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Survey Research in Software Engineering

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Tutorial given at CibSE 2018 in Bogota, Colombia on fundamentals and lessons learnt in survey research.

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Survey Research in Software Engineering

  1. 1. Survey Research in 
 Software Engineering Daniel Méndez Technical University of Munich, Germany www.mendezfe.org @mendezfe CibSE 2018, 
 School on Software Engineering Bogotá, Colombia
  2. 2. Who am I? Primary research areas • Early development stages and their (Quality) Improvement • Empirical Software Engineering w/ focus on interdisciplinary, qualitative research ☞ Join me this year at…
  3. 3. copy, share and change, film and photograph, blog, live-blog and tweet this presentation given that you attribute it to its author and respect the rights and licenses of its parts. Based on slides by @SMEasterbrook and @ethanwhite You can…
  4. 4. This tutorial is based on… •Previous editions given together with •Experiences made in large survey research projects, e.g. Marco Torchiano
 Politecnico di Torino Guilherme H. Travassos
 COPPE, 
 University of Rio de Janeiro Rafael M. de Mello
 PUC Rio de Janeiro see www.re-survey.org
  5. 5. Introduction - Who are you? Quick round… •Who are you? •What are your experiences in conducting survey research? •Are you currently facing any particular challenges? •What are your expectations?
  6. 6. What do you think? Why do we need survey research 
 in software engineering?
  7. 7. This session will be about Scope •Brief introduction into survey research and epistemological setting •Experiences and lessons learnt (Best Practices) •Discussion / Hands-on session Out of scope: •Statistics •(In-depth) Fundamentals •Statistics (this is definitively not about statistics)
  8. 8. Ground rule Whenever you have questions / remarks, share them with the whole group. don’t ask , but
  9. 9. Outline •A brief introduction into survey research •(Selected) Best practices •Lean coffee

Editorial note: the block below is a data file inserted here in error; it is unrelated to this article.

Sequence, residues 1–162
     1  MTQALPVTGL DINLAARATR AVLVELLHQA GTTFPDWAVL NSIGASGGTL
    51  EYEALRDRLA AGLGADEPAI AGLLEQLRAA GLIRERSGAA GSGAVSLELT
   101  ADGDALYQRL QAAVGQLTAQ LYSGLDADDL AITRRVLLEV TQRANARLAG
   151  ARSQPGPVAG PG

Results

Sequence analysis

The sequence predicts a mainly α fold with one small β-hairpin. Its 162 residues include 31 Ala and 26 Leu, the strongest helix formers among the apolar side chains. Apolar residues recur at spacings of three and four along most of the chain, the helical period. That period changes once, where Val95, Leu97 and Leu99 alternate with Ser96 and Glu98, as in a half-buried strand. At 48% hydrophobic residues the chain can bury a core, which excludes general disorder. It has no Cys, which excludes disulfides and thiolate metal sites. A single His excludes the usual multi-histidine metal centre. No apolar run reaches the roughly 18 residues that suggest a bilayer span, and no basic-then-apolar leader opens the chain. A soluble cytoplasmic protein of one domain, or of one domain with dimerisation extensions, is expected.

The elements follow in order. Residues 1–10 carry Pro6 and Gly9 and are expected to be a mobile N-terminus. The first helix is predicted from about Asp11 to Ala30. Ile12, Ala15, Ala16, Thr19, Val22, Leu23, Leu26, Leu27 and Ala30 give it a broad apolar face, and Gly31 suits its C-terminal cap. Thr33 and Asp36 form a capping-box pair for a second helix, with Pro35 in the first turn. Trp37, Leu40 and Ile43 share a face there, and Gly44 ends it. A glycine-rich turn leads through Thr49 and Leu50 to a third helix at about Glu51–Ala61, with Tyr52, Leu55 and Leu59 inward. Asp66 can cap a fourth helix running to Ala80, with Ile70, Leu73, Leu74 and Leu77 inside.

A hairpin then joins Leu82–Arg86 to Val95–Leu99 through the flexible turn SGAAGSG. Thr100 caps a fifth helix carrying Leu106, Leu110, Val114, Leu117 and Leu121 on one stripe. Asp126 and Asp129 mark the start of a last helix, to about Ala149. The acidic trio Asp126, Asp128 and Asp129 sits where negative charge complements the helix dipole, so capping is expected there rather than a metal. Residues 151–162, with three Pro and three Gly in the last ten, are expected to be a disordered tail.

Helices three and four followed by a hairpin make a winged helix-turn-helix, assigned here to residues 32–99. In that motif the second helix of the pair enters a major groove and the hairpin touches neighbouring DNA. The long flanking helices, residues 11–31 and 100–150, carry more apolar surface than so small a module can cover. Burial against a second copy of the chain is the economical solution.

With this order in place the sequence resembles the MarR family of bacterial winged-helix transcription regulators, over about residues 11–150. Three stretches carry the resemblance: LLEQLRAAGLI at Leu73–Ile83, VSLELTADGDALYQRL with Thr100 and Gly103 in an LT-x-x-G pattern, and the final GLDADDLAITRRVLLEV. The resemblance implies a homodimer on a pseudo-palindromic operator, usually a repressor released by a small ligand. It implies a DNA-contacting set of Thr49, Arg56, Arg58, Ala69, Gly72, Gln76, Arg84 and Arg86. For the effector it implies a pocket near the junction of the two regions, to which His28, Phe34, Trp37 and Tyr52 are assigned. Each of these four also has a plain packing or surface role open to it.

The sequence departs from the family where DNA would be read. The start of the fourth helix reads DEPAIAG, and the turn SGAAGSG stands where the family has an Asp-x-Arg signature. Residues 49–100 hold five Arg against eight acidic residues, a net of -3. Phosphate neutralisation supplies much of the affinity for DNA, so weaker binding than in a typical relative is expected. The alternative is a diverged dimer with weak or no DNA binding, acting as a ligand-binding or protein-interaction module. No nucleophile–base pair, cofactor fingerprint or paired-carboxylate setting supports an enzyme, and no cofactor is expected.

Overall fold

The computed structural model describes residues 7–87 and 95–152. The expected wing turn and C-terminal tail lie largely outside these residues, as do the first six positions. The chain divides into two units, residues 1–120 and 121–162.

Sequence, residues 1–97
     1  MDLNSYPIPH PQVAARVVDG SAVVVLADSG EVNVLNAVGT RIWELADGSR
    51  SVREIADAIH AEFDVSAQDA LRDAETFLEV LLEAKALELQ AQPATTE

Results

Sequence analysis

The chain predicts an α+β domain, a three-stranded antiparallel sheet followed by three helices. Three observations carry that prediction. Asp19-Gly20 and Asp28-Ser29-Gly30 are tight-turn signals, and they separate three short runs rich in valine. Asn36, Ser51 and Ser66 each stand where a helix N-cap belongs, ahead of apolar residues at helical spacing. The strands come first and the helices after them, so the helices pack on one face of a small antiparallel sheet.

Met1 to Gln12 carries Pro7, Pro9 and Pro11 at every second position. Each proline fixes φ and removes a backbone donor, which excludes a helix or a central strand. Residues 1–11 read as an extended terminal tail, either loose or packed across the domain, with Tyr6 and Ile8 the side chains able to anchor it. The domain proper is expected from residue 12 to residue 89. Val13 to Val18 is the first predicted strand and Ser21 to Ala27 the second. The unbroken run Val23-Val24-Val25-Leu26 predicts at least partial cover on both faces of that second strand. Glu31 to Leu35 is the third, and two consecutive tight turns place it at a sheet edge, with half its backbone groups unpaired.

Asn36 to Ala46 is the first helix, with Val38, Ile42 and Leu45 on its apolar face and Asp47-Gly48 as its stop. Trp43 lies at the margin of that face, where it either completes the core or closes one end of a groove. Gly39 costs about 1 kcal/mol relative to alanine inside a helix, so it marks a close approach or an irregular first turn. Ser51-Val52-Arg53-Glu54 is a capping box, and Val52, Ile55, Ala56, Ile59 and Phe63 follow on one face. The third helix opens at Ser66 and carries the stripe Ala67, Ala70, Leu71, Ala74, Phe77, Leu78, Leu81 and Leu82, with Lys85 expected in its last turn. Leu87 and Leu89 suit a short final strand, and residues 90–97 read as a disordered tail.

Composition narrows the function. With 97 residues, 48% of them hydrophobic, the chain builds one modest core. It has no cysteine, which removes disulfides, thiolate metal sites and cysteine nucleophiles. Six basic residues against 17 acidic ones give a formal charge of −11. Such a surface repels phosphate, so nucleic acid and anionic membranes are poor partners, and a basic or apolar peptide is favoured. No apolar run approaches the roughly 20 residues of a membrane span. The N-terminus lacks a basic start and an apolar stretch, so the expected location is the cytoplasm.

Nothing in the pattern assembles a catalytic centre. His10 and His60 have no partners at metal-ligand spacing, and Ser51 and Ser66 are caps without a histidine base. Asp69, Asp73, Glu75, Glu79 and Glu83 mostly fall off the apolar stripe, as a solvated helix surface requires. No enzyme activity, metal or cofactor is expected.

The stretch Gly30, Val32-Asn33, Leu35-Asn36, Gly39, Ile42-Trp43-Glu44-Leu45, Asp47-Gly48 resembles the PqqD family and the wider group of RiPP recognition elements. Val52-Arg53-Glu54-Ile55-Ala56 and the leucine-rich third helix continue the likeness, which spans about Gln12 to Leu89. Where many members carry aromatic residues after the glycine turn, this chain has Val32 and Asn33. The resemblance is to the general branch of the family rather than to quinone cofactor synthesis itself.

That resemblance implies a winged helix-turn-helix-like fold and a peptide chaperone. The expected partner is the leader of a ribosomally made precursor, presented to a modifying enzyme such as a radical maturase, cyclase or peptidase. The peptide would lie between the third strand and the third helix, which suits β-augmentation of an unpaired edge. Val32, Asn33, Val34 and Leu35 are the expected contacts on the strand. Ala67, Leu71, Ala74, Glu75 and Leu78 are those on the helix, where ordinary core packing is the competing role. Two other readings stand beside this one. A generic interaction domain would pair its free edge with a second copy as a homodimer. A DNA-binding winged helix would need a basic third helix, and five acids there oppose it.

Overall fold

10. 10. Outline •A brief introduction into survey research •(Selected) Best practices •Lean coffee 40’-60’ 40’-60’ 0’ - 40’
  11. 11. Outline •A brief introduction into survey research •(Selected) Best practices •Lean coffee 40’-60’ 40’-60’ 0’ - 40’ Could be extended 
 to hands-on session
  12. 12. Outline •A brief introduction into survey research •(Selected) Best practices •Lean coffee
  13. 13. What is survey research? Systematic observational method to gather qualitative and/or quantitative data from (a sample of) entities to characterise information, attitudes and/or behaviours from different groups of subjects regarding an object of study » Observational data with limited control » Descriptive and analytic statistics
  14. 14. Observational studies Surveys (Cross-sectional) Case Studies Experiments (Case-control)
  15. 15. Epistemological setting (very briefly) Principle ways of working Methods and strategies Fundamental theories Philosophy of science Epistemology Empiricism Statistics Hypothesis testing Controlled Experimentation Example!
  16. 16. Setting: Empirical Software Engineering Principle ways of working Methods and strategies Fundamental theories Philosophy of science Theory building 
 and evaluation Methods and 
 strategies … are supported by… Analogy: Theoretical and 
 Experimental Physics
  17. 17. Setting: Empirical Software Engineering Principle ways of working Methods and strategies Fundamental theories Philosophy of science In empirical Software 
 Engineering, we rely 
 on every layer! Also important 
 (but often neglected)
  18. 18. A very quick step into the philosophy of science 
 … and back
  19. 19. Theories and hypotheses Empiricism Theory / Theories (Tentative) Hypothesis Falsification / 
 Corroboration Theory (Pattern)
 Building Hypothesis
 Building Hypothesis • “[…] a statement that proposes a possible explanation to some phenomenon or event” (L. Given, 2008) • Grounded in theory, testable and falsifiable • Often quantified and written as a conditional statement Scientific theory • “[…] based on hypotheses tested and verified multiple times by detached researchers” (J. Bortz and N. Döring, 2003) If cause/assumption (independent variables) then (=>) consequence (dependent variables) By the wayWe don’t “test theories”, but their consequences (via hypotheses)